Many age-related health conditions may impair safe driving ability, such as those affecting vision, cognition, neck flexibility. Though older drivers are in fewer crashes than their younger counterparts, such health conditions may cause increased frailty in this population, which means those who drive are more likely to be injured in the case of a crash. In addition, older drivers are more susceptible to impairment by alcohol, medications, cannabis and other drugs due to delayed metabolism and co-morbidities. The LongROAD study aims to explore the roles of medical, behavioral, social, technological, and environmental factors in safe driving among older adults. The study enrolled 2990 older drivers in sites in five states (Ann Arbor, MI; Baltimore, MD; Cooperstown, NY; Denver, CO; and San Diego, CA) from July 2015 through March 2017. LongROAD collects self-reported and objectively-measured health, functioning, and driving behaviors, objective driving data (from a device collecting global positioning, accelerometer measurements, etc.), medical record information, medication history, and state motor vehicle driving records. This presentation will report on early findings, based on data collected at baseline and one-year post enrollment.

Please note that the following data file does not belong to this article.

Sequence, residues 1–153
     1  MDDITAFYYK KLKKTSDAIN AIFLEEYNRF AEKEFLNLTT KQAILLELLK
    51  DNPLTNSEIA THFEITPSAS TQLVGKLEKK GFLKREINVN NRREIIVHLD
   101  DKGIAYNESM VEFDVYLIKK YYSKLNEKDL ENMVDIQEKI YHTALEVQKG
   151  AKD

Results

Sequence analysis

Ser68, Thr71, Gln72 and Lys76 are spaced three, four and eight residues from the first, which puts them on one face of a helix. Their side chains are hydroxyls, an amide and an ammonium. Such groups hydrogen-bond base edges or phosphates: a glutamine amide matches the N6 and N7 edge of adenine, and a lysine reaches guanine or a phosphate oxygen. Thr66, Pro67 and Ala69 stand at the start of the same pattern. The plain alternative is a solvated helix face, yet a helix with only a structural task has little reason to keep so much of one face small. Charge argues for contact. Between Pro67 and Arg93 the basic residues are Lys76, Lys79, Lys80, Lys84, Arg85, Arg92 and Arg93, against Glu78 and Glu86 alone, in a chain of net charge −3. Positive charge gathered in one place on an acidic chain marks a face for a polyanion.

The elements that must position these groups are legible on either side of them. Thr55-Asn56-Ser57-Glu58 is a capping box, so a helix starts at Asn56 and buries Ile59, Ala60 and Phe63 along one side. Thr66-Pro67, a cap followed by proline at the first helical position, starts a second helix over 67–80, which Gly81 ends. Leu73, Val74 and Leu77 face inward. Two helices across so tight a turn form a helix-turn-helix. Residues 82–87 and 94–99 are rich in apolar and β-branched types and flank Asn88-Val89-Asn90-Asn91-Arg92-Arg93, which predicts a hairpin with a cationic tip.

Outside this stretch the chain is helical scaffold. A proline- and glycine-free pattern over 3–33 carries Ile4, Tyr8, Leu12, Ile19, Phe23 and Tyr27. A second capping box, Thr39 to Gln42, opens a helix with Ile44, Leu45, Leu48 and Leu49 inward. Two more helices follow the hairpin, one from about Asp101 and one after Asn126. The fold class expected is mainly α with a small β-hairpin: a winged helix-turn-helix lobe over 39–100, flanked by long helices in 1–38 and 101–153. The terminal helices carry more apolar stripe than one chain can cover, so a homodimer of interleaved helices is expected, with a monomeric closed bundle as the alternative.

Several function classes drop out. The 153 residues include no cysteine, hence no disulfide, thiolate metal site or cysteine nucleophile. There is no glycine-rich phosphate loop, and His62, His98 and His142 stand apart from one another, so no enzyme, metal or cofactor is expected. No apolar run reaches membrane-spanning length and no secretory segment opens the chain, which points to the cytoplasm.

Dr. Hill is a Professor in the Department of Family Medicine and Public Health at UCSD. She is the Director of the UC San Diego Training, Research and Education for Driving Safety (treds.ucsd.edu), the UCSD-SDU General Preventive Medicine Residency, the Center for Human and Urban Mobility, and senior staff physician at San Diego Family Care. She is engaged in prevention research and teaching with current/past support from the NIH, the California Office of Traffic Safety, Robert Wood Johnson, American Cancer Society, and Health Services Resource Administration, and the AAA Foundation For Traffic Safety, including research in injury prevention, driving safety, obesity, decision making, compliance, physician training, physical activity, and refugee health.